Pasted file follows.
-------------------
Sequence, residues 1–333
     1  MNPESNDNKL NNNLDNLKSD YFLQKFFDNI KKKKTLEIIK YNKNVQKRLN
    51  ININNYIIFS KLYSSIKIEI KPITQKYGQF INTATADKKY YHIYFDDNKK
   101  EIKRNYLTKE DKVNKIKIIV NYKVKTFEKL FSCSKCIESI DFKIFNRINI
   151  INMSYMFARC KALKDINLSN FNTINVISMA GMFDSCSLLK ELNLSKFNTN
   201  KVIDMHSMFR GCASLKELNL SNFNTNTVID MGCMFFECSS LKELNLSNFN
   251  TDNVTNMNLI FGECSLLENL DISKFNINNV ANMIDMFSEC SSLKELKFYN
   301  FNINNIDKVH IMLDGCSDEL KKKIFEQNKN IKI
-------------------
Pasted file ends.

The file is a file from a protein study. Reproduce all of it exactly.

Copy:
Sequence, residues 1–333
     1  MNPESNDNKL NNNLDNLKSD YFLQKFFDNI KKKKTLEIIK YNKNVQKRLN
    51  ININNYIIFS KLYSSIKIEI KPITQKYGQF INTATADKKY YHIYFDDNKK
   101  EIKRNYLTKE DKVNKIKIIV NYKVKTFEKL FSCSKCIESI DFKIFNRINI
   151  INMSYMFARC KALKDINLSN FNTINVISMA GMFDSCSLLK ELNLSKFNTN
   201  KVIDMHSMFR GCASLKELNL SNFNTNTVID MGCMFFECSS LKELNLSNFN
   251  TDNVTNMNLI FGECSLLENL DISKFNINNV ANMIDMFSEC SSLKELKFYN
   301  FNINNIDKVH IMLDGCSDEL KKKIFEQNKN IKI